The New Zealand website, Stuff, published an interview with Ian McEwan this week, which contains one particularly strange moment. The interviewer asks the admittedly awkward question,
“Compared to other writers how much talent do you think you have?”
And McEwan answers:
Well, what does that mean? I’ve only heard local literati legend David Wolkowsky use the word “seven” as cryptically as it is used here. As David uses it, it is a polite and deliberately obscure way of saying to a confidant, “shut up.” It means, “Your question is not appropriate, and I will not acknowledge it. Seven.” If you were speaking, rather than asking, it means, “You didn’t say what you just said. We didn’t hear you. Seven.”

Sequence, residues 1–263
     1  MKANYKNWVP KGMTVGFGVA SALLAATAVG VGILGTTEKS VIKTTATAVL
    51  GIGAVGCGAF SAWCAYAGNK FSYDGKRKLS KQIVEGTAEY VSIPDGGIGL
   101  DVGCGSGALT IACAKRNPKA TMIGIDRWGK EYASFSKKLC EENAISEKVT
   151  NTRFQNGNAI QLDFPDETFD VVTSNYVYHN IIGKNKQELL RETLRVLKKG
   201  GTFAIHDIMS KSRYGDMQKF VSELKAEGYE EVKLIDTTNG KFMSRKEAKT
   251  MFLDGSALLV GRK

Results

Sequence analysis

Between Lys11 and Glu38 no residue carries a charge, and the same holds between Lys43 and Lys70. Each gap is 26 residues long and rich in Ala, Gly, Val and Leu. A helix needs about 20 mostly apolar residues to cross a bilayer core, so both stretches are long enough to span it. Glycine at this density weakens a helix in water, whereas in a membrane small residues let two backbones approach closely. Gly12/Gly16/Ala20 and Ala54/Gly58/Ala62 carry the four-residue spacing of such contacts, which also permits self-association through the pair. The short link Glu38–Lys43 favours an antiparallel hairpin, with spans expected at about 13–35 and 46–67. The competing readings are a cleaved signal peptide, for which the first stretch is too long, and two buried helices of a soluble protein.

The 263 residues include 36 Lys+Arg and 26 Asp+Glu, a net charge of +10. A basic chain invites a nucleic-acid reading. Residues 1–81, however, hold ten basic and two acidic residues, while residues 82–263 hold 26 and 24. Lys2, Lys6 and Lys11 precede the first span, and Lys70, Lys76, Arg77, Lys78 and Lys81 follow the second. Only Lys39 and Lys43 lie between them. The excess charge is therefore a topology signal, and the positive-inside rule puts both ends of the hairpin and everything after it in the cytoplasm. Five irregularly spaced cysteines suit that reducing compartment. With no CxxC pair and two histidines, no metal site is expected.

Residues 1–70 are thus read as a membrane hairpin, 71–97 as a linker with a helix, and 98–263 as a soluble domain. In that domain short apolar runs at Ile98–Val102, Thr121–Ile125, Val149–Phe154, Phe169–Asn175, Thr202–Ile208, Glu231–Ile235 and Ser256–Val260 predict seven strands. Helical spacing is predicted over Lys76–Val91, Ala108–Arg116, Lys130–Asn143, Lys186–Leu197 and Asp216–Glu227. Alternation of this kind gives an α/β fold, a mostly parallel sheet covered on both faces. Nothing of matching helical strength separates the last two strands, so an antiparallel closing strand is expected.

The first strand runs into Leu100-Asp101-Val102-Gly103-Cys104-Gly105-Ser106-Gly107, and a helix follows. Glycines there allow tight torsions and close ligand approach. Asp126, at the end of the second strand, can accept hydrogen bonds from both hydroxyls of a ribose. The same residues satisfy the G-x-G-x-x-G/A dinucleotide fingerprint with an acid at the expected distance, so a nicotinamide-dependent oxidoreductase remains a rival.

In all the wilds of the web, I have been unable to find a definition of “Seven” which accords with David’s usage, and yet I have to believe it’s not the idiosyncrasy of a single man. But what else could McEwan have meant here? Please, if you have any theories, let me know.
Ian McEwan was part of of our 2007 Seminar, Wondrous Strange: Mystery, Intrigue, and Psychological Drama. We have a podcast of him reading from On Chesil Beach.
Thanks to Nan Klingener, aka, The Bone Island Book Blog for pointing me to this interview.